It’s lateral thinking week in Oral English class! Lateral thinking puzzles, for those of you who didn’t have to kill time on long Boy Scout backpacking trips between 1997 and 2004, are riddles where the guessers have to use yes/no questions to figure out the hidden information in a confusing situation. Sounds like my wedding night! (No, seriously, very confusing. Lots of questions from all involved.)
Do you have any examples, Jon? Sure do!
Bob and Jane are found dead in a puddle of water, surrounded by broken glass. What happened?
Before I give the answer, a thought: I like these puzzles a lot, even though they are sort of dumb — they lack a unique solution, and there’s no objective guarantee that the questioner hasn’t posed a problem with an impossibly difficult solution, or even a problem she herself doesn’t know how to solve. The only guarantee that the questioner is playing fair is the elegance of the solution: only if it’s clever, pleasing, and uses all the given information in an unexpected way can the guessers be sure that the questioner knew the answer all along. But that’s it. Playing these games requires a lot of trust. And — since no one likes looking like a fool, especially at Boy Scout camp, the least foolish place of all — huge balls.
Answer: (Do you trust me? Do you trust that I have huge balls?)
Bob and Jane are goldfish.
See, wasn’t that fun? Let’s try another!
A man leaves home, turns left three times, and comes home, where he’s stopped by a man wearing a mask. What happened?
In one class, a girl raised her hand and said, “is the man in the mask…making facial to the other man?” I think she meant “making faces at”, but, either way, the answer’s still no. Real answer at the end of the post.
My students were really good at this game. You know that old puzzle about the dad and the son in a car accident and the son goes to the hospital and the doctor says, I can’t operate on this boy; he’s my son? And then it turns out to be the boy’s mother is the doctor? (I know, crazy, right?) Yeah, they got that one right away. They were probably better at this because they are competitive and focused in ways that I was not, at their age, and also because they’re really interested in pleasing me, because they trust me, and they trust my balls. I am proud of all of them, except for one guy, and he knows exactly what he did wrong.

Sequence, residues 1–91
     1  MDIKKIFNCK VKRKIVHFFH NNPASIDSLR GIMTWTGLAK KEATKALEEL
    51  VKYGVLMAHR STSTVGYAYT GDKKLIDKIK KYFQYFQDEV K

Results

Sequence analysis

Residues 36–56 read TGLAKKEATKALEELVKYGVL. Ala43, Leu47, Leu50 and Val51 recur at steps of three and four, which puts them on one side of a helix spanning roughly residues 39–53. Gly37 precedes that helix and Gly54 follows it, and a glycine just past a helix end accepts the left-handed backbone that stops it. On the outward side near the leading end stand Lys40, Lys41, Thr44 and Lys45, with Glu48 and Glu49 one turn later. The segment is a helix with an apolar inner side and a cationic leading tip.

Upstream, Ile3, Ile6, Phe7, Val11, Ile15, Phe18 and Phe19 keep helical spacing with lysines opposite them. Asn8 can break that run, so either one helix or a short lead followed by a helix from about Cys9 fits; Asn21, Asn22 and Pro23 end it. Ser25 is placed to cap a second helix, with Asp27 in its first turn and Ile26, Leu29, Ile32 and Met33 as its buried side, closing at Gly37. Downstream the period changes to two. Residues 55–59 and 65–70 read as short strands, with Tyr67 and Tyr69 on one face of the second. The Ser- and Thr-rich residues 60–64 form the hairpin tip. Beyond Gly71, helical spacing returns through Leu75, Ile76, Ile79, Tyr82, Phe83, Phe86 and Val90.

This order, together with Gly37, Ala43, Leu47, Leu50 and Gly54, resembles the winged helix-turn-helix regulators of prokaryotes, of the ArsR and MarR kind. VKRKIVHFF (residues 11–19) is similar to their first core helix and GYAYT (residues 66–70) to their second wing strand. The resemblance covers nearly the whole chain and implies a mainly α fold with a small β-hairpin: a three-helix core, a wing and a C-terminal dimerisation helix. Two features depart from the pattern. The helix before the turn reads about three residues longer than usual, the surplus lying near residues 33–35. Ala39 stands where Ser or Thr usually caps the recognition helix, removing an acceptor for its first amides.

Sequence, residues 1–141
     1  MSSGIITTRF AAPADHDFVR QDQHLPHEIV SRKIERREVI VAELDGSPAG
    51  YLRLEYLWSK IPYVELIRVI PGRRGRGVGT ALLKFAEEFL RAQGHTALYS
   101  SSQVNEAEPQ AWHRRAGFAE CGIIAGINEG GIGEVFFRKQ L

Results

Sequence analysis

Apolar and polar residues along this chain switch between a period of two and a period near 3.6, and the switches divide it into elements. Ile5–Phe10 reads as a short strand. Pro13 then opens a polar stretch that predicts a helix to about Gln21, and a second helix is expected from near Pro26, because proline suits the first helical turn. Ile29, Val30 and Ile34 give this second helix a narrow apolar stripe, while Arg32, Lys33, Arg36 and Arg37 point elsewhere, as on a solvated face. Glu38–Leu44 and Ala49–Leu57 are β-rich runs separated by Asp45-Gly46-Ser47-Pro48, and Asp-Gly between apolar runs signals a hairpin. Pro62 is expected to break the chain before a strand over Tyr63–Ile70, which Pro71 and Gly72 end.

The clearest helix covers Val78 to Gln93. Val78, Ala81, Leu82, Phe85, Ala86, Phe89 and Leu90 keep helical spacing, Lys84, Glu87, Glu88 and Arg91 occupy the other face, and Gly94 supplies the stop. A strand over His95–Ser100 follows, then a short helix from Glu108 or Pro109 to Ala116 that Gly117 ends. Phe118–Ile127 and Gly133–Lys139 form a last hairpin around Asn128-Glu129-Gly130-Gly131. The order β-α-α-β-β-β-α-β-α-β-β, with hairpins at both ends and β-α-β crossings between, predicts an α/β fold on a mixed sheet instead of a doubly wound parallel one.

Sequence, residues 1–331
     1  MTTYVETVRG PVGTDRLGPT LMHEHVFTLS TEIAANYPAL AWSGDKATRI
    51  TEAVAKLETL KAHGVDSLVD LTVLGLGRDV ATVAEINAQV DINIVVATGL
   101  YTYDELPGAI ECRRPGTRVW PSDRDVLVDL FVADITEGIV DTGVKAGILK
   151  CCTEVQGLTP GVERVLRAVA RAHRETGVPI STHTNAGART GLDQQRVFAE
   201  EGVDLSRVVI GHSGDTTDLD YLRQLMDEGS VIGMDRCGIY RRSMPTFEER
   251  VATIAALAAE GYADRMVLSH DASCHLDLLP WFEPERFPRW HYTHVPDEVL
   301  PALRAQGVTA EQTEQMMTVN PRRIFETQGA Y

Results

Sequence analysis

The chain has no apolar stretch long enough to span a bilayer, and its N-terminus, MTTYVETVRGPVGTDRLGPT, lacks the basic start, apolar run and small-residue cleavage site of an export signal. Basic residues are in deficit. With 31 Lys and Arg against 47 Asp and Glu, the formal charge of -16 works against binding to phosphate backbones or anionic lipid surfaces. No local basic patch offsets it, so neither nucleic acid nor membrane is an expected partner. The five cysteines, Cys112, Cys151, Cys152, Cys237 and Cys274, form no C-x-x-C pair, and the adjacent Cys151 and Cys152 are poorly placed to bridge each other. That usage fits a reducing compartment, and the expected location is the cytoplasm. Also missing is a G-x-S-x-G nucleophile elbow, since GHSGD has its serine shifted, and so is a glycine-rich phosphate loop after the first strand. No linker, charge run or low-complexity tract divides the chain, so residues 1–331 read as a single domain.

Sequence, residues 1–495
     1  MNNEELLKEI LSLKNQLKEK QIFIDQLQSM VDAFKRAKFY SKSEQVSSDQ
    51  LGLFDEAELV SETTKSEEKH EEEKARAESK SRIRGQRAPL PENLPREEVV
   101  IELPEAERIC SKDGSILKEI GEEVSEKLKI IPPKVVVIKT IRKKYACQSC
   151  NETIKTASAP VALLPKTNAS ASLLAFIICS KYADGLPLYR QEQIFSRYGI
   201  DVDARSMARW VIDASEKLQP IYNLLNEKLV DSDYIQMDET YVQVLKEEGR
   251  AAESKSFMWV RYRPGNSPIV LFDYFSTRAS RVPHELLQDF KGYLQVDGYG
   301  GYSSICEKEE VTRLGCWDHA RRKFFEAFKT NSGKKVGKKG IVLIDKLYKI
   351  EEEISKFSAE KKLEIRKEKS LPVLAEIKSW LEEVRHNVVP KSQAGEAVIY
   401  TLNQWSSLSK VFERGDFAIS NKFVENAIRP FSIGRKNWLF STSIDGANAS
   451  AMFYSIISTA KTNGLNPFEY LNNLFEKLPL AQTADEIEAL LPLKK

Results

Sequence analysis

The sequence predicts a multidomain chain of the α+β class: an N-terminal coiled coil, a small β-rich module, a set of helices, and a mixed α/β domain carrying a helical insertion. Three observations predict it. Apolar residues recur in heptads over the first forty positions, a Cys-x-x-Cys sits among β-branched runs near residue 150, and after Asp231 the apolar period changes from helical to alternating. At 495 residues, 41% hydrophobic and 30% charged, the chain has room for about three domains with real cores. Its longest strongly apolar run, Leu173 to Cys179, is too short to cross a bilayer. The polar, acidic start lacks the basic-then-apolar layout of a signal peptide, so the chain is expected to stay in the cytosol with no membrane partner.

Some other things.
Today I found myself reading the preface to the classic Conway-Sloane monograph Sphere Packings, Lattices and Groups. (If you think this makes me sound “uncool”, don’t worry — I spent the rest of the day riding around on my dirt bike and growing mustaches, dozens and dozens of mustaches.) There’s a reference to a paper called “A proof of the dodecahedral conjecture,” written by an “S. McLaughlin.” Fun fact: this is Canadian pop legend Sarah McLaughlin! This paper was published in 1998, so it sits squarely between her immersive 1997 album Surfacing and the climactic 2003 follow-up, Afterglow. As it stands, I believe it lies among her finest works. Conway and Stone praise it for its tender, bittersweet evocation of the dodecahedron, long considered the most lesbian of the platonic solids. And I just like that smooth jazz feel.
If you’re planning on commenting to say that her name is actually spelled Sarah McLachlan, then I don’t want to hear it. It’s like when St. Vincent made fun of Lilith Fair — if you can’t say anything nice about a celebration of women in music, don’t say anything at all.
Hey, also, the security guards at my school have changed from their winter uniforms to their lighter, most comfortable summer uniforms. You know what that means! Cue the music, Ronaldo!
They’re playing baseball.
How big are your balls right now? Like melons? Mine are like melons.